One of the most irritating facets of this debate is that anyone like me who points out that it’s possible to provide abortion services to trans people without jettisoning everyday language such as women is accused of waging a culture war. No. We are noticing a culture war. A Great Unwomening is under way because American charities and political organizations survive by fundraising—and their most vocal donors don’t want to be charged with offenses against intersectionality. Cold economic logic therefore dictates that charities should phrase their appeals in the most fashionable, novel, and bulletproof-to-Twitter-backlash way possible. Mildly peeved centrists may grumble but will donate anyway; it’s the left flank that needs to be appeased.

Pointing out that women are the ones who largely need abortions is very second wave, boring, old-school, so done. Witness those placards held by older women that read: I can’t believe I’m still protesting this shit. Instead, the charities think: Can we find a way to make this fight feel a little more … now? And that’s how you end up with the National Women’s Law Center tweeting, “In case you didn’t hear it right the first time: People of all genders need abortions. People of all genders need abortions. People of all genders need abortions. People of all genders need abortions. People of all genders need abortions. People of all genders need abortions.” (No, that’s not my copy-and-paste keys getting stuck. The group really said it six times.)

When I questioned the wisdom of foregrounding the small minority of people who seek abortions but do not identify as women, the ACLU’s Branstetter told me, “Transgender people do not have the privilege of pretending that we do not exist. When we use inclusive language, it’s because we recognize that transgender people do exist.” Such language, she argued, is “not at all at odds with the broader mission of ensuring that anyone who wants an abortion can have access to it.” Yet little evidence suggests that the ostentatious banishment of women will help the American abortion-rights campaign succeed. In Britain, where I live, the British Pregnancy Advisory Service, a major abortion provider, announced that it would continue to use women and other gendered language in much of its general literature, while developing tailored materials for clients who identify otherwise. Not only has the sky not fallen as a result, but Britons continue to have access to state-funded abortions, paid for out of general taxation. While American charities congratulate themselves on the purity of their language, the communities they serve—people of all genders who could have a free abortion in Britain—struggle to access terminations. No one should be polishing their halo here.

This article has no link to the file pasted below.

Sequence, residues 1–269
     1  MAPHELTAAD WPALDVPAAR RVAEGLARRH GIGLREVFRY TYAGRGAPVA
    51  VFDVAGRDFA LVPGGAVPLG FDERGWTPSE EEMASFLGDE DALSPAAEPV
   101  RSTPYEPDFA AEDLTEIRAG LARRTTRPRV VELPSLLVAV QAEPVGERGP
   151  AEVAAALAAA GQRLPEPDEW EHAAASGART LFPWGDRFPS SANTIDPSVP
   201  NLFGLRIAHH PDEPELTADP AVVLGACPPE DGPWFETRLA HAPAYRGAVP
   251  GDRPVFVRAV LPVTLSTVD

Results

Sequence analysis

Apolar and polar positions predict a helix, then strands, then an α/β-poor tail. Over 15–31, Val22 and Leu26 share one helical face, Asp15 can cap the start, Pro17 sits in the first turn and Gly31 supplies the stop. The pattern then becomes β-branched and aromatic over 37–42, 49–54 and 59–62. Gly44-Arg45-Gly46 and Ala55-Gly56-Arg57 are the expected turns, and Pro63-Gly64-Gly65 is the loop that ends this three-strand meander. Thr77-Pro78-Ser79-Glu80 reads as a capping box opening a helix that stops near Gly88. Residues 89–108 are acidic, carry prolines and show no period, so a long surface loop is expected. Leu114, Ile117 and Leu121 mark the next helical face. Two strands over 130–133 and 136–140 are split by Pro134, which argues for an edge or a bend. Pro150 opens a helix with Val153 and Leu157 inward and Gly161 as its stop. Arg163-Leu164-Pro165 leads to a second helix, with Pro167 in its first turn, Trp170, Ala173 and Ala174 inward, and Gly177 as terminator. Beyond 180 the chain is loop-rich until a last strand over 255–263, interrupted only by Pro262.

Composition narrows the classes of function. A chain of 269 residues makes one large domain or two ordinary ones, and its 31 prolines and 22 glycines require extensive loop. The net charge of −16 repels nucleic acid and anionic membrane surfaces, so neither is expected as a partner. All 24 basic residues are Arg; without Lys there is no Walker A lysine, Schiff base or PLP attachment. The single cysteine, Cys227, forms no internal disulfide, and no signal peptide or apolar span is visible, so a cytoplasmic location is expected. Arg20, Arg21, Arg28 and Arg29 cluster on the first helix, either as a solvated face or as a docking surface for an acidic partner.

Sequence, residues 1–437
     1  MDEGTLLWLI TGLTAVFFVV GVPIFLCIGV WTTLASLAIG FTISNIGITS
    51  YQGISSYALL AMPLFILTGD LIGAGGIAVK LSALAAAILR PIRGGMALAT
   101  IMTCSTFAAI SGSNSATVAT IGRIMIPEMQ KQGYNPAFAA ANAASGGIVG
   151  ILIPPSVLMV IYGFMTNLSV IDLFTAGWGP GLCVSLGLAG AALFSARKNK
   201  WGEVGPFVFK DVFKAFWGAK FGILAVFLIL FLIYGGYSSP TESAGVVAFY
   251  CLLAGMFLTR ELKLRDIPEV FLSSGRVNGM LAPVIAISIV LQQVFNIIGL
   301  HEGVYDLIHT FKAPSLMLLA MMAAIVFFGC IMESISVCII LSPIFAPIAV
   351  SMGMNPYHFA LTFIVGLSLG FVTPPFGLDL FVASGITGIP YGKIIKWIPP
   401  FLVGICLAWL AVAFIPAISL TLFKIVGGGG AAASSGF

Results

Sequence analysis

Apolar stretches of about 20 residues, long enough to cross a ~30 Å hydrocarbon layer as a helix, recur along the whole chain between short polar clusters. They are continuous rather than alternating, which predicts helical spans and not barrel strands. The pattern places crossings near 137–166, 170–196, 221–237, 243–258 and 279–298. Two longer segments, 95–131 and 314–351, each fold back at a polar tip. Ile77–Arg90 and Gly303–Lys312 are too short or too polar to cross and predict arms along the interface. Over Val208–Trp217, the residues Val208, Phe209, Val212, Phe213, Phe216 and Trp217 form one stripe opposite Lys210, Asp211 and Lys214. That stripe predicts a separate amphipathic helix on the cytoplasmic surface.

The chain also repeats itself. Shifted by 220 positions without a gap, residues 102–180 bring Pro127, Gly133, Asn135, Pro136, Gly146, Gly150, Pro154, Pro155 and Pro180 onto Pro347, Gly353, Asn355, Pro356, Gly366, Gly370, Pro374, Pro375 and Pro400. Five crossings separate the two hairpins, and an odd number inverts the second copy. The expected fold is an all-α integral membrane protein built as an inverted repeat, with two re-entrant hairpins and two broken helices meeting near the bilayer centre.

Language battles should not distract us from the true injustice raised by the potential repeal of Roe v. Wade: the removal of the right to privacy and bodily autonomy for 51 percent of Americans. But something is lost when abortion-rights activists shy away from saying women. We lose the ability to talk about women as more than a random collection of organs, bodies that happen to menstruate or bleed or give birth. We lose the ability to connect women’s common experiences, and the discrimination they face in the course of a reproductive lifetime. By substituting people for women, we lose the ability to speak of women as a class. We dismantle them into pieces, into functions, into commodities. This happens in many ways. This week I also saw an Axios editor rebuke a New York Times reporter for writing “surrogate mothers” rather than “gestational carriers”—as if the latter phrase were not dehumanizing, a whisper away from “vessels.”

In my view, the best argument for gender-neutral language in the abortion debate is the ACLU’s unspoken one: History suggests that society doesn’t care much about women, so maybe abortion rights will have more appeal if supporters invoke some other causes instead. And yet I can’t stomach it. Supposedly progressive groups like the ACLU are free riding on the work of centuries of feminist activism, all of it based on the implicit or explicit premise that there are two sexes, one that did the voting and property-owning and being president, and one that did the unpaid scut work and giving birth. The ACLU can afford to wipe away the word women only because everyone knows which half of the population needs abortions. Women will continue to exist, and to be disproportionately harmed by abortion bans—even if their existence becomes unspeakable.